The Swedish Championships with Carl Gustav M/45

The Swedish Championships with Carl Gustav M/45 was held on August 25 at the Shooting Range Spillepengen in Malmoe, Southern Sweden.

The competitors shooting fully automatic Carl Gustav m/45 sub-machine guns are probably the least tactical people you will find.

And I will make you disappointed straight away – while the m/45 is fully auto only the competitors are only allowed to fire controlled single shots. It’s all about precision, not bursts.

However I think is the one and only, or at least one of the few, competitions where you are ONLY allowed to use fully automatic firearms? I would love feedback on that in the comments section if you know.

The Kulsprutepistol m/45, or short “Kpist m/45”, was made in Sweden and the standard issue firearm there from 1945 to 1965.It was later replaced by the Ak4 (HK G3) and the Ak5 (FN FNC).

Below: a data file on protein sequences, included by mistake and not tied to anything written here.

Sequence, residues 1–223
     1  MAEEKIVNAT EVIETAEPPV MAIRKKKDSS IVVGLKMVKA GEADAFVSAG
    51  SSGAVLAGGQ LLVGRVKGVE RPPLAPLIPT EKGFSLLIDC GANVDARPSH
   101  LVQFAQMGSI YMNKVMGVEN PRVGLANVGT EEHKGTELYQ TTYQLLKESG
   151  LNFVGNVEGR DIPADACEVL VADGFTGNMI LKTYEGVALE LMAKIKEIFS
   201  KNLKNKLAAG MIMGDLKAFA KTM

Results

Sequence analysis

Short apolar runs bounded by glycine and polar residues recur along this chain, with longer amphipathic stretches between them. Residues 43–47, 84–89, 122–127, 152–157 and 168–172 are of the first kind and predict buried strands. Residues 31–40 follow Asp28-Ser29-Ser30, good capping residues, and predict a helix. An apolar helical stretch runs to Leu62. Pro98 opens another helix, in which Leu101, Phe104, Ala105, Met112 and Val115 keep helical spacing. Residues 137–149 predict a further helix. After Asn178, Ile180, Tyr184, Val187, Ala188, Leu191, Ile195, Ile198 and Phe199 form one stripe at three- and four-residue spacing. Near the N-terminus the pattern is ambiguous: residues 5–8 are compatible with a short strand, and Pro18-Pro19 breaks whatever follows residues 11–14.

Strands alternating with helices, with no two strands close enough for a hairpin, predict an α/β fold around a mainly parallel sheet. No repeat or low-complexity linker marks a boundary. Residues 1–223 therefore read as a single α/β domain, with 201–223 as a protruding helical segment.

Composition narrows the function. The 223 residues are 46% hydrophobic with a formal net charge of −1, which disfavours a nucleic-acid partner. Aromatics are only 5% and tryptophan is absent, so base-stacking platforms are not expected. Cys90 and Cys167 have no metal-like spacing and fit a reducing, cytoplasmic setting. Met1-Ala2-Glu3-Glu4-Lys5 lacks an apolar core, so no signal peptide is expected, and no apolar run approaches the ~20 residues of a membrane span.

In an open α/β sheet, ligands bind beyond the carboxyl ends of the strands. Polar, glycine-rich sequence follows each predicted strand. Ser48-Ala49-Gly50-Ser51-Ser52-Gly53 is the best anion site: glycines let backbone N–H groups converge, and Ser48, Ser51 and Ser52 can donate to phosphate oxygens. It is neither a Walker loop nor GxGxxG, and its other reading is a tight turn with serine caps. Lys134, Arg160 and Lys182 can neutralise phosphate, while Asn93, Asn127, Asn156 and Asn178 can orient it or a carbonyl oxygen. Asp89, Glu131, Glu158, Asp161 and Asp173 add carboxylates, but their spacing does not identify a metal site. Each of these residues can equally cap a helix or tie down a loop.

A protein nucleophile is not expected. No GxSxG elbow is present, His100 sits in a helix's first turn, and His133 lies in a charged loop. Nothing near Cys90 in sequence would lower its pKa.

Although the “Kpist” has retired there are still some sport shooting going on with them, there are probably around 1 500 to 2 000 of them in private ownership or with shooting clubs.

Shooting clubs would normally have a permanent permit, but for fully automatic firearms and handguns there is a 5 year renewal period where you have to prove activity, preferably some skill and need.

Below: M/45 with brass catcher. The stickers mean the firearm was controlled and approved for competition, so this one has probably been around for a while.

The design of the M/45 is very simple. The M/45 has a 36-round detachable box magazine

The m/45 fires from an open bolt and has a fixed firing pin. There is no safety! Due to the low recoil from the design and the 9×19 mm caliber it is fairly easy to control even in fully automatic.

Single shots, which are mandatory in the competition, have to be controlled by the shooter, but it’s easier than it sounds.

The list price of the Kpist m/45 was around SEK 600 (about 75 USD) in the late 1970s.

I think the market price today is around 1 500 SEK, roughly 190 USD. The bureaucracy to sell and export one is higher than the cost of the firearm itself.

All photos from Svenska Skyttesportförbundet.

You can find more pictures HERE.

Eric B

Ex-Arctic Ranger. Competitive practical shooter and hunter with an European focus. Always ready to increase my collection of modern semi-automatic firearms, optics and sound suppressors. Owning the night would be nice too.